Philip Parker MA Hons (Cantab); Member of the Chartered Institute of Management Accountants
Philip has been Financial and Administrative Bursar at Brasenose College since 2010 and Chair of the Oxford Colleges’ Estates Bursars Committee. He has previously led the finance and administration functions for a range of charities, both as Finance Director and as Trustee or Honorary Treasurer. Most recently he was Director for Corporate Services for YWCA, Treasurer of Green Alliance and is a Director of a guest house in the Lake District. Philip lives near Woodstock and is Trustee of the Wootton Conservation Trust, coordinator of the monthly pub quiz and captain of a very low-ranking tennis team. He also cycles, and tends his sheep and chickens.
Cllr Susanna Pressel has been a city councillor since 1996 and a county councillor since 2009, representing part of the city centre, Jericho and the Botley Road area.
I studied French and German at Somerville College and have enjoyed a long career as a teacher, mainly in Blackbird Leys.
I have been an active member of the OPT (and the Civic Society) since first becoming a councillor.
I have lived in the North Oxford conservation area for more than 40 years and have taken a close interest in the City Council's work on conservation.
City Councillor for Jericho and Osney Ward
County Councillor for Jericho and Osney Division
Carole has been Master of St Cross College since September 2016. She is also the College's Equality and Welfare Officer. Carole has Chaired the Conference of Colleges Equality and Diversity Forum since 2017 and sits on a number of University committees concerned with these issues.
She was Chief Executive of the National Heritage Memorial Fund and Heritage Lottery Fund from 2003-2016, overseeing the distribution of £400m a year to projects making a lasting difference to people and heritage across the UK.
She began her career in the Civil Service and has worked in the Departments of Health, Social Security and the Cabinet Office. She has always been active in the charitable sector and as well as being a Trustee of OPT, is currently a Trustee of Historic Royal Palaces; the Horniman Museum, and the London Emergencies Trust and Chairs the Board of Visitors of the Oxford University Museum of Natural History. She is also a Lay Canon of Salisbury Cathedral. She is an Honorary Fellow of Jesus College, Oxford, and was awarded the CBE in 2011 for services to conservation.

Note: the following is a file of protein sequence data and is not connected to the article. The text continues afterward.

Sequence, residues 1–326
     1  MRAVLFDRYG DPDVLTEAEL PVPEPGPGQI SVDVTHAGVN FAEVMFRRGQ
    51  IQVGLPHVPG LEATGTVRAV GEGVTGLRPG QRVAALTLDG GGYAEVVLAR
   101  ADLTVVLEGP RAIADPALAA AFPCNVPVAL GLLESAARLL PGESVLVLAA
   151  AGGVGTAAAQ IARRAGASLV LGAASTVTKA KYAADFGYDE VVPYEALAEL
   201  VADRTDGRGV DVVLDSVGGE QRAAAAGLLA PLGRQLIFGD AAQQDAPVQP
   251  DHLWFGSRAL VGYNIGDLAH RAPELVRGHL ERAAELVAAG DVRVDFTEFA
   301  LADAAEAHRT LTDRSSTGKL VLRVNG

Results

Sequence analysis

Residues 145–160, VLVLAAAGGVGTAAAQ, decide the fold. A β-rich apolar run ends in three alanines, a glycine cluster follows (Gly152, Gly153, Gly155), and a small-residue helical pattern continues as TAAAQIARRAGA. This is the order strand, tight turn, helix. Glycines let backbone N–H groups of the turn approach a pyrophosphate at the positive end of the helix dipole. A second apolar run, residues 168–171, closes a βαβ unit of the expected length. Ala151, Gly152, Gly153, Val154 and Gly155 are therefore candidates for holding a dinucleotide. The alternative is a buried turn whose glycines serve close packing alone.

Self-employed Chartered Surveyor.
Attended school in Oxford and returned to live in the city. Has been a permanent resident of Oxford for the last 35 years.
Interested both professionally and personally in buildings, land and associated matters.
Joe Tah is Professor in Project Management and Associate Dean Strategy and Development in the Faculty of Technology, Design and Environment at Oxford Brookes University. His responsibilities include day-to-day leadership and management of the Faculty, co-ordinating Faculty strategic planning and development and deputising for the Pro Vice Chancellor/Dean across the full range of Faculty activities. Prior to his current role, he was the Founding Head of School of the Built Environment having previously been the Head of Department of Real Estate and Construction.
He is a Fellow of the Royal Institution of Chartered Surveyors (FRICS), a member of the Chartered Institute of Building (MCIOB) and a member of the Association for Computing Machinery (ACM).
Fellow of Kellogg College and Director of the Stanford University Centre, Oxford since 1984. He read history at St John’s College. He wrote his M.Litt thesis on the buildings of Warwickshire country houses before working as assistant editor on VCH Middlesex and lecturer in history for Stanford University at Cliveden House, Buckinghamshire. Since returning to Oxford he has taught and lectured on architectural history at OUDCE and elsewhere in the University and beyond. He has written several books, including Oxford: an Architectural Guide (OUP 1998), Modern Architecture in an Oxford College (OUP 2005), and recently updated Pevsner for Berkshire in the England’s Buildings series. He has published numerous articles on a wide variety of architectural topics. He lives in south Oxford (and has one of the city’s boundary stones in his back garden).